Figure 3. Lecocarpus lecocarpoides seedlings growing in Patricia Jaramillo’s house from March to November during the COVID-19 lockdown.
Figure 3. Lecocarpus lecocarpoides seedlings growing in Patricia Jaramillo’s house from March to November during the COVID-19 lockdown. Photo: Andres Cruz

Continuing to seek answers to our questions about the decline in populations of this species, we planned a field trip in which we would take these seedlings back to their place of origin. A week prior, the plants had to be returned to the lab to be in isolation, just as we were at home. This step is fundamental for the plants to pass through a pre-adaptation process, and to clean, disinfect, and comply with the respective quarantine, executed by the Galapagos Biosecurity Agency (ABG) for the prevention of unwanted species from entering the study site (Figure 4).

 

Figure 4. Inspection process for microorganism presence during the quarantine process carried out of each Lecocarpus lecocarpoides plant in the CDF installations.
Figure 4. Inspection process for microorganism presence during the quarantine process carried out of each Lecocarpus lecocarpoides plant in the CDF installations. Photos: Rashid Cruz.

In November 2020 the Galapagos Verde 2050 research team travelled to Española with the primary objective to repatriate eight Lecocarpus individuals germinated in the laboratory and raised at home. At this time, we reflect on the possibility that these could be the last of this species originating from Punta Manzanillo, Española.

Once at the study site, as we prepared the site for planting the plants together with one of the DPNG park rangers Jeffreys Málaga and GV2050 member Luka Negoita, we made a great discovery, something surprising: 24 small, living Lecocarpus individuals! (Figure 5).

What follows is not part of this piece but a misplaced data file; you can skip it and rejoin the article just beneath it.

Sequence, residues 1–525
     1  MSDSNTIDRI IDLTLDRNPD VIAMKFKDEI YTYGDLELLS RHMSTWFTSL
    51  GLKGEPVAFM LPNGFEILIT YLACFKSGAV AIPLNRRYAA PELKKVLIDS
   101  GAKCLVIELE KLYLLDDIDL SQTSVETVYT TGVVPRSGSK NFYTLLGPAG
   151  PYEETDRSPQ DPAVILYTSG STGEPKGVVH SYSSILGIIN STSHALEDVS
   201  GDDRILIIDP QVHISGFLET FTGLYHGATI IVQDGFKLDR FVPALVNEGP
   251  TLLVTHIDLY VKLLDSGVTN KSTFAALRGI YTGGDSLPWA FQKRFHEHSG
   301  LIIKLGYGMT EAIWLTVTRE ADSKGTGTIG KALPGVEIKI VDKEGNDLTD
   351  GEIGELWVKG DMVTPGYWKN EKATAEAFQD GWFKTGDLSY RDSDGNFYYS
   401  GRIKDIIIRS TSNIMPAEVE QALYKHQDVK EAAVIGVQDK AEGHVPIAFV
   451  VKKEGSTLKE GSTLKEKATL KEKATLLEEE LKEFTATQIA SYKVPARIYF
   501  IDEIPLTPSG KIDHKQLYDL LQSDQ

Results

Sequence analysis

Figure 5. Part of the GV2050 and DPNG team, working in Punta Manzanillo along with the Lecocarpus lecocarpoides seedlings transported from the laboratory, to begin the planting with water-saving technology.
Figure 5. Part of the GV2050 and DPNG team, working in Punta Manzanillo along with the Lecocarpus lecocarpoides seedlings transported from the laboratory, to begin the planting with water-saving technology. Photo: Joshua Vela Fonseca.
Figure 6. Lecocarpus lecocarpoides in Punta Manzanillo: collection and count of mature seeds for in situ experiments and contribute to the CDF Herbarium.
Figure 6. Lecocarpus lecocarpoides in Punta Manzanillo: collection and count of mature seeds for in situ experiments and contribute to the CDF Herbarium. Photos: Joshua Vela Fonseca and Patricia Jaramillo Díaz.